Soft Shell Crab Po-Boy at Jazz Fest

From fancy French fare to finger-licking BBQ, there’s a perfect food festival for everyone—even Fluff fanatics. That’s why we’re rounding up the best of the best food festivals to put on your calendar in 2020.

Our motto has always been “the only thing better than food is more food.” And the best place to find more food (and maybe even a little more after that) is at a food festival. Picture yourself (or better yet, picture me) strolling from vendor to vendor, tasting a little deep-fried this and a little slow-cooked that as the sun beats gently down upon your neck. Yes, food festivals are most definitely a happy place.

More Festival FindsThe Best Food Secrets at Summer's Most Popular Music FestivalsSummer and all its festival glory will be here before we know it, so you’d be wise to start mapping out your food fest plan of attack. Most counties, states, or regions have something local to offer, and while we encourage you to explore whatever your hometown has going on, there are a few extra special food festivals on the culinary calendar worthy of a little extra effort (and travel).

So grab a sun hat, some walking shoes, and a few wet naps cause we’ve got sticky BBQ in Memphis, even stickier Fluff in Boston, pickles in Pittsburgh, and a whole lot of everything in New Orleans. These are a few of the best food festivals to hit in 2020. 

Best Food Festival for Hobnobbing w/ Celebrity Chefs

Cayman Cookout – Grand Cayman, Cayman Islands

The Cookout has been going strong for 11 years now, the baby of French master Éric Ripert (Le Bernardin) and host hotel Ritz Carlton, which houses his seafood outpost, Blue. The weekend-long series bounces around beachy venues, but the aforementioned Ritz plays host and hub for much of the action. If you manage to book in time, you’re all but guaranteed a lavish hotel experience, truly unending good food, and some facetime with culinary superstars like Emeril Legasse, José André, Dominique Cren, and more.

The festival is punctuated by a few signature events like the Beachfoot BBQ and you can buy tickets to as many or few as you’d like. Next year’s Cookout is scheduled for Jan. 13-18, and the property sells out every year without fail, so we’d suggest booking soon. 

  • What to eat: You’d be hard-pressed to find food here that isn’t totally freakin’ fabulous, but some favorite events include Éric Ripert and José Andrés’ iconic beach battle: Paella vs. Bouillabaisse (to which Chef Andrés always arrives in some over-the-top way, including in a submarine on year), the ultra-luxe caviar brunch at Blue, and the (very boozy) Barefoot Beach Barbeque, complete with dance party and fireworks.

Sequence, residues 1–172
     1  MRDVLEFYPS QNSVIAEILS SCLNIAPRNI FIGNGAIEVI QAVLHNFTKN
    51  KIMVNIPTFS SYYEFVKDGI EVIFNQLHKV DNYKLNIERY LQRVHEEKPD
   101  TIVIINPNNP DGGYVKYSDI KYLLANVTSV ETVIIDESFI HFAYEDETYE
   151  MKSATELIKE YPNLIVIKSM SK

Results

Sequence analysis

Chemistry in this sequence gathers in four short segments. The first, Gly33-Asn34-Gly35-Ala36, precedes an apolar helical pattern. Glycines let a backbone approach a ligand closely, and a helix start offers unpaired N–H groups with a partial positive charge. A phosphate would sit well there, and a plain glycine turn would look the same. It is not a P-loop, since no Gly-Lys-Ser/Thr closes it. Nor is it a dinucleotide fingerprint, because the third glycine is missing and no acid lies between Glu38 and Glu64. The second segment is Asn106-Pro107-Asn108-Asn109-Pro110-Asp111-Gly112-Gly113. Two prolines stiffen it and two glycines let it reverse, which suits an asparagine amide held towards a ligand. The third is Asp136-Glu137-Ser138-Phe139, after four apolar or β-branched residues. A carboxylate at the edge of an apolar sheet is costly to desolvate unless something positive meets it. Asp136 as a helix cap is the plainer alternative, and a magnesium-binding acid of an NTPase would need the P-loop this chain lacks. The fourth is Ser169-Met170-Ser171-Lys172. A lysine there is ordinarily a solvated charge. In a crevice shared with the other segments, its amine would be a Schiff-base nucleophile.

• When: Jan. 13 – 18, 2021
  • Website:

Best Food Festival to Carbo-Load

PizzaFest – Naples, Italy

I don’t think there is any question that the festival in this category would come from Italy, but one question still remained: pasta or pizza? While pasta is perhaps Italy’s most famous culinary export, pizza retains a cult-following (is it still a cult if we’re all in it?) like no other. That probably explains why Naples Pizza Fest, which touches down on the coastal city each spring continues to draw thousands of pizza-seekers from around Europe and elsewhere. 

Best Food Festival if You Want to Eat While Riding a Ferris Wheel 

Minnesota State Fair – St. Paul, MN 

Depending on where you live, state fairs rein with varying degrees of intrigue and influence. But in Minnesota, the beloved state fair—now in its 62nd year—has proven to be one of the epicenters of regional food and general revelry. Globetrotting food and travel blogger Nicole Sunderland of (EatLiveTravelDrink) calls the annual fair “an absolute must-visit” at least one time in your life.

The Minnesota State Fair is also the second most-attended state fair in the nation (only behind Texas’ state fair), and though the food changes year-to-year, the Minnesota Star Tribune’s food critic Rick Nelson once ate his way through 53 (!) items so you don’t have you. But seriously, you should probably never eat 53 of anything at once. At last check, Nelson was said to be in stable condition.